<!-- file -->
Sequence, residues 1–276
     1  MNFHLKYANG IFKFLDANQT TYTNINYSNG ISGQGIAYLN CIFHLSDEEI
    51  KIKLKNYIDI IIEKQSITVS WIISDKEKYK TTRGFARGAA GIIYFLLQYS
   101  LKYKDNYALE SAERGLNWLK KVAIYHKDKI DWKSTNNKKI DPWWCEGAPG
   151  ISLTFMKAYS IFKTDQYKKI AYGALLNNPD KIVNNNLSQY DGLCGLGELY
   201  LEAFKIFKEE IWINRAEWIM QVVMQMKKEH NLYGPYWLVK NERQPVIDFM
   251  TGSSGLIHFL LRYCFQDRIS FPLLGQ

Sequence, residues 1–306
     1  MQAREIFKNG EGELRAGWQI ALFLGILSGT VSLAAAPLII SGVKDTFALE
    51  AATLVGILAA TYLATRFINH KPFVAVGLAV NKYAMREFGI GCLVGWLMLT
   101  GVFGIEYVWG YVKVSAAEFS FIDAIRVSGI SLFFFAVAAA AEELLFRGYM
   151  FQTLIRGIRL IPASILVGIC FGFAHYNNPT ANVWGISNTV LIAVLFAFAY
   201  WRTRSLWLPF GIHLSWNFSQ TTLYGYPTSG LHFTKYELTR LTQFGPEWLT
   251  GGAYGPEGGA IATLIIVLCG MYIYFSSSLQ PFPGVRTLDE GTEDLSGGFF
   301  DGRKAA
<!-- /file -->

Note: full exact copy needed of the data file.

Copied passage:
Sequence, residues 1–276
     1  MNFHLKYANG IFKFLDANQT TYTNINYSNG ISGQGIAYLN CIFHLSDEEI
    51  KIKLKNYIDI IIEKQSITVS WIISDKEKYK TTRGFARGAA GIIYFLLQYS
   101  LKYKDNYALE SAERGLNWLK KVAIYHKDKI DWKSTNNKKI DPWWCEGAPG
   151  ISLTFMKAYS IFKTDQYKKI AYGALLNNPD KIVNNNLSQY DGLCGLGELY
   201  LEAFKIFKEE IWINRAEWIM QVVMQMKKEH NLYGPYWLVK NERQPVIDFM
   251  TGSSGLIHFL LRYCFQDRIS FPLLGQ

Sequence, residues 1–306
     1  MQAREIFKNG EGELRAGWQI ALFLGILSGT VSLAAAPLII SGVKDTFALE
    51  AATLVGILAA TYLATRFINH KPFVAVGLAV NKYAMREFGI GCLVGWLMLT
   101  GVFGIEYVWG YVKVSAAEFS FIDAIRVSGI SLFFFAVAAA AEELLFRGYM
   151  FQTLIRGIRL IPASILVGIC FGFAHYNNPT ANVWGISNTV LIAVLFAFAY
   201  WRTRSLWLPF GIHLSWNFSQ TTLYGYPTSG LHFTKYELTR LTQFGPEWLT
   251  GGAYGPEGGA IATLIIVLCG MYIYFSSSLQ PFPGVRTLDE GTEDLSGGFF
   301  DGRKAA